Jennifer went on to speak highly of the writing in the play, comparing it to poetry a couple of times. She compares rehearsing and the script to being in a “bubble,” where she can see everything in the play and in history happening so clearly.

In regard to the similarities between Henrietta and herself, Jennifer says she identifies with her character’s persistence above all. She is also a self-proclaimed “go-getter” and says, “if I really want something I keep pushing and pushing until I get it and [Henrietta] definitely is that with every single character in the show.

Henrietta is obviously the star (pun intended) of this show and therefore she has the most well-defined relationships with everyone in the story. When prompted to describe her favorite relationship, Jennifer was quick to say Henrietta’s relationship with Peter. She cites this as her favorite because “[Henrietta] puts him right back in his place” as soon as they meet. Quite simply put, she says “[Henrietta] rearranges his world.”

Peter Shaw: Voice of the 20th Century Man

Although Silent Sky is based on real events and people, Lauren Gunderson adds characters and embellishes historical facts in her work. One of those characters is Peter Shaw, Henrietta’s love interest and fellow astronomer at the Harvard Observatory. As the only male in the play, he serves as a sort of representation of all men in the early 20th century.

In our production of Silent Sky, Matthew Walker has tried Peter Shaw on for size and has discovered the psyche of the early modern male. Although he says he identifies more with “the pro-women message, more so than with the character [he plays],” throughout rehearsals he has come to better understand Peter. Specifically, he says he identifies with Peter’s “bumbling and awkward” manner (don’t we all).  Matt has also come to understand that Peter has been pushed around and led a life that is not all his own; his father dictated his career path and the woman he eventually married. Although Matt does not that he wouldn’t consider Peter “a victim of his circumstances, because like anybody you can make your own choices.”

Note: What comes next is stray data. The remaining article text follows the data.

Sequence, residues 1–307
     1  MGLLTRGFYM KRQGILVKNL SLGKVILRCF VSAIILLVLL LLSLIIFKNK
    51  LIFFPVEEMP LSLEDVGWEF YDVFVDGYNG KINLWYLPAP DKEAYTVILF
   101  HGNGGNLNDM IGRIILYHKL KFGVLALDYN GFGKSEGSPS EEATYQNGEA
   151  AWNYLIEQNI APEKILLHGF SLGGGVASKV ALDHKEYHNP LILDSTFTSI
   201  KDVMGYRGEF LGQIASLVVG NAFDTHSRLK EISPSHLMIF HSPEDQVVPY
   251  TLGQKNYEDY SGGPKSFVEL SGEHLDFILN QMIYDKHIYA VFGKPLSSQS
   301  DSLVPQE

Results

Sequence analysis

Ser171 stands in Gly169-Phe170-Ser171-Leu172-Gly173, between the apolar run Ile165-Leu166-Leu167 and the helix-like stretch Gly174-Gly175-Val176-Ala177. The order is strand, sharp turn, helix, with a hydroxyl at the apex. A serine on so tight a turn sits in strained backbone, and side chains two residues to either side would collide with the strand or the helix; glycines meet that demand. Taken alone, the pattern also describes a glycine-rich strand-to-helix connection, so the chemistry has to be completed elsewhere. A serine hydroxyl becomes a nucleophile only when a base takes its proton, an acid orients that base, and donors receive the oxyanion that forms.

As the “voice of the modern early 20th-century man,” Peter often presents anti-feminist thoughts. However, this is a fairly accurate representation of how many men felt towards women during this time. Peter’s ideals are challenged by Henrietta though when he comes to realize how much she can do. Matt notes that Peter “gets easily infatuated, falls in love with this person that he met that he recognizes as an equal and maybe something more than an equal,” which comes to help him realize women are capable of more than he expected.